Although the National Labor Union failed to persuade Congress to shorten the workday, its efforts heightened public awareness of labor issues and increased public support for labor reform in the 1870s and 1880s. The Knights of Labor, a powerful advocate for the eight-hour day in the 1870s and early 1880s, proved more effective. Organized in 1869, by 1886 the Knights of Labor counted 700,000 laborers, shopkeepers, and farmers among its members. Under the leadership of Terrence V. Powderly, the union discouraged the use of strikes and advocated restructuring society along cooperative lines. In 1886, a series of violent strikes waged by railway workers tarnished the union’s reputation. In May, police were called in when fighting broke out between striking workers and strikebreakers at the McCormick Reaper Works of the McCormick Harvesting Machine Company in the Haymarket area of Chicago, Illinois. The police shot two union men; later, an explosion killed seven policemen. Although the person who set off the bomb was never identified, four alleged anarchist labor leaders were convicted of conspiracy to commit murder and hanged. Three more men remained imprisoned until they were pardoned by Illinois governor John Peter Altgeld in 1893. The Haymarket Riot branded as “radical” the eight-hour-day movement and diminished popular support for organized labor. The decline of the Knights of Labor contributed to the rise of the American Federation of Labor, established under the leadership of Samuel Gompers in 1886.Whereas the Knights of Labor aimed at legislative reforms including the eight-hour day and child labor laws, the American Federation of Labor focused on protecting the autonomy and established privileges of individual craft unions. Progress toward an eight-hour day was minimal until June 1933 when Congress enacted the National Industrial Recovery Act, an emergency measure taken by President Franklin Delano Roosevelt in response to the economic devastation of the Great Depression. The Act provided for the establishment of maximum hours, minimum wages, and the right to collective bargaining. Struck down by the Supreme Court in May 1935, the Recovery Act was soon replaced by the Wagner Act, which assured workers the right to unionize. Depression-era workers continued, however, to bemoan their long, hard day. On May 16, 1939, Henry Truvillion sang the steelworkers’ blues for John and Ruby Lomax, who recorded him during their trip through Louisiana. Listen to recordings of work songs such as Henry Truvillion’s in the collection Southern Mosaic: The John and Ruby Lomax 1939 Southern States Recording Trip. “Steel-Driving Song,” Performed by Henry Truvillion, May 16, 1939, Merryville, Louisiana. Southern Mosaic: The John and Ruby Lomax 1939 Southern States Recording Trip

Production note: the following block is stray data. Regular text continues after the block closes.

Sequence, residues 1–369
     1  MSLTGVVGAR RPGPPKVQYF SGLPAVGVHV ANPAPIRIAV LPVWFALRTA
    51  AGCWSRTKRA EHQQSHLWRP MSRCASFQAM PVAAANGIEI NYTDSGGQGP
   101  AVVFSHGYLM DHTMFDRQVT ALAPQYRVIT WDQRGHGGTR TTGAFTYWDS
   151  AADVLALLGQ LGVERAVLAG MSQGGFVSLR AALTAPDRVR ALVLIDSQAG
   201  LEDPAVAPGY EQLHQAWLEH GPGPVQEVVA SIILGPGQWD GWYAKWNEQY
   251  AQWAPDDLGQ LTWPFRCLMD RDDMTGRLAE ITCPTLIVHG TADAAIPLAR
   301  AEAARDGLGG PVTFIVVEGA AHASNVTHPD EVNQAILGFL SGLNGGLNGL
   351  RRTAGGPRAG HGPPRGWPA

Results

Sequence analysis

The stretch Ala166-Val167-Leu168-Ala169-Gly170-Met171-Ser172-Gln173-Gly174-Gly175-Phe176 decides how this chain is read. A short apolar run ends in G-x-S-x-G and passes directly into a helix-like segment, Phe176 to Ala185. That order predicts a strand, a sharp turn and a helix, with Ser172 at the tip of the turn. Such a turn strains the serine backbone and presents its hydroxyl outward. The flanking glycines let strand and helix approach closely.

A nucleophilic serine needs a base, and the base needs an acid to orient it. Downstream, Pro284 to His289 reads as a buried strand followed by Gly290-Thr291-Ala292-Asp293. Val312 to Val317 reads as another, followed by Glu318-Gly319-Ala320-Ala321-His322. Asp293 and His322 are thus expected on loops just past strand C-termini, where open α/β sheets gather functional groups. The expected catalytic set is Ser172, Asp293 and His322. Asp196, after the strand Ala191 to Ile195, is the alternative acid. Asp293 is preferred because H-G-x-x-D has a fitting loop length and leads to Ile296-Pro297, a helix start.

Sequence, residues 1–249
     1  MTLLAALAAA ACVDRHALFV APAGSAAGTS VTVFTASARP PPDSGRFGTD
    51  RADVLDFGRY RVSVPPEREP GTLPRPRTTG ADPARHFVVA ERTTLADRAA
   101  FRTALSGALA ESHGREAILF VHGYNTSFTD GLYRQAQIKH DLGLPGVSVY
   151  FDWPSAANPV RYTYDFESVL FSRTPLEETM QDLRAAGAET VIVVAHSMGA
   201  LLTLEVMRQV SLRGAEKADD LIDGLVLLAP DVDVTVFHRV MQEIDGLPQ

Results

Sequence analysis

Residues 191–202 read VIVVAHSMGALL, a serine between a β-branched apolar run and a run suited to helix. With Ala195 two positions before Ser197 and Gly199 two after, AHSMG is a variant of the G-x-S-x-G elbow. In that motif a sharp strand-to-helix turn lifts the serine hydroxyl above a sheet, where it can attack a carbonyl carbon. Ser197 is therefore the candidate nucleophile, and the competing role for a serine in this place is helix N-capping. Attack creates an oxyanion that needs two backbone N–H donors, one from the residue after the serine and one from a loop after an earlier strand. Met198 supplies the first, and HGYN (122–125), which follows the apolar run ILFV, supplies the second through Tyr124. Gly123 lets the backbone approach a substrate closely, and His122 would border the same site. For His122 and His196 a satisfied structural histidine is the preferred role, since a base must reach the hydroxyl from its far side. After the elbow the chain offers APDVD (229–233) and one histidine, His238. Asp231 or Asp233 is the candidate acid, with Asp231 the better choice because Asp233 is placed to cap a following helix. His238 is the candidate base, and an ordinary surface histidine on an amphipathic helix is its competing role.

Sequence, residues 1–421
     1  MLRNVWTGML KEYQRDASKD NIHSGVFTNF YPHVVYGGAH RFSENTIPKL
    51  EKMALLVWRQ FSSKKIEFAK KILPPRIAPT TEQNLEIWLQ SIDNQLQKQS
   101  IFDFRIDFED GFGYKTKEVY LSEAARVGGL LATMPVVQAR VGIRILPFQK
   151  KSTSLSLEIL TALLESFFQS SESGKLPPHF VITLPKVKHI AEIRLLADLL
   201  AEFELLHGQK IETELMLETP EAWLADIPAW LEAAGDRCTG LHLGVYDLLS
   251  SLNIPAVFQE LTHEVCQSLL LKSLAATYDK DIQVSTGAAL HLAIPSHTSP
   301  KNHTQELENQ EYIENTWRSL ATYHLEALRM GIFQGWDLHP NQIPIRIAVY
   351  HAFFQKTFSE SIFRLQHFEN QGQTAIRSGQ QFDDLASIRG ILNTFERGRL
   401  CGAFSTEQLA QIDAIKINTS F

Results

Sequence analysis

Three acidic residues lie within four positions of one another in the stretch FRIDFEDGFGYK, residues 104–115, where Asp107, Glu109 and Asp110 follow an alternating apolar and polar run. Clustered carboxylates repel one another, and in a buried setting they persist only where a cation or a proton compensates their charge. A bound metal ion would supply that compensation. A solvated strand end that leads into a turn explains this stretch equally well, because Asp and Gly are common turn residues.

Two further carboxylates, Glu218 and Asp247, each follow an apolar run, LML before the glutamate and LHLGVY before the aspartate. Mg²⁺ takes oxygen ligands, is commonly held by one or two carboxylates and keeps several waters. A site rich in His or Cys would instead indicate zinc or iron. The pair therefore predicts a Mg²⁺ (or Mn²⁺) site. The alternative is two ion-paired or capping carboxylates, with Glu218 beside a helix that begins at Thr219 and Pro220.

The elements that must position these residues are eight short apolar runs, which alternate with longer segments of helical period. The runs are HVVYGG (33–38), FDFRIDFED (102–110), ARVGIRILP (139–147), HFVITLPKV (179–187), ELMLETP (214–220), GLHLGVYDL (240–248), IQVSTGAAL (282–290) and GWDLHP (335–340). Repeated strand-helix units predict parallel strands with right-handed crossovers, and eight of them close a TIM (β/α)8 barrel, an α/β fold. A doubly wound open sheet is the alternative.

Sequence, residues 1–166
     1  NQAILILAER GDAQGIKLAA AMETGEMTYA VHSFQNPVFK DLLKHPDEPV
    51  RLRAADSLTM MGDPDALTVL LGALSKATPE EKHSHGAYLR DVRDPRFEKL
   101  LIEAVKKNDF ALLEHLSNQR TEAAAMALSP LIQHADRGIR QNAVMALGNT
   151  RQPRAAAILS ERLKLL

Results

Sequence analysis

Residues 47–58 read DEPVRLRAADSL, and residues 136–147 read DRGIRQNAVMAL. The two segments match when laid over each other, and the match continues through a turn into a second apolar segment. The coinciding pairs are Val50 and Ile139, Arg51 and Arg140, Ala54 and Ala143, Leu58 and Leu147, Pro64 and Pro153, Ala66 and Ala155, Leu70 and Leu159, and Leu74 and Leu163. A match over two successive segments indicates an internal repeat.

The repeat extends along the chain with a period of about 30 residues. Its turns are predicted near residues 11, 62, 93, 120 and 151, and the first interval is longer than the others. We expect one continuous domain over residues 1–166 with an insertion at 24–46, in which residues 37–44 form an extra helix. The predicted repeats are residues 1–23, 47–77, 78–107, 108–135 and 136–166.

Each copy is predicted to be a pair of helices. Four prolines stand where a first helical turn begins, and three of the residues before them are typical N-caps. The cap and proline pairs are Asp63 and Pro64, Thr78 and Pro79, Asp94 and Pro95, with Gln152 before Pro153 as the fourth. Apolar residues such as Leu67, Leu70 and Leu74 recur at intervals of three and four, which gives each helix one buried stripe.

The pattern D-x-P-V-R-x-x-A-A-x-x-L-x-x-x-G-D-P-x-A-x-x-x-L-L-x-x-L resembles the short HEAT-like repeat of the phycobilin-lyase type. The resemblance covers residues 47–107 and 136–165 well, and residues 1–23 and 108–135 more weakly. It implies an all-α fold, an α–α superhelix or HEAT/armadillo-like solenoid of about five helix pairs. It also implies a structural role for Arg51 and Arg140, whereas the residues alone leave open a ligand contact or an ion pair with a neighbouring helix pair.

I’ve worked in the mill in my day, until nine o’clock at night, from seven in the mornin’…I wouldn’t want to go back to it, and I don’t think anyone else would. An eight hour day is long enough.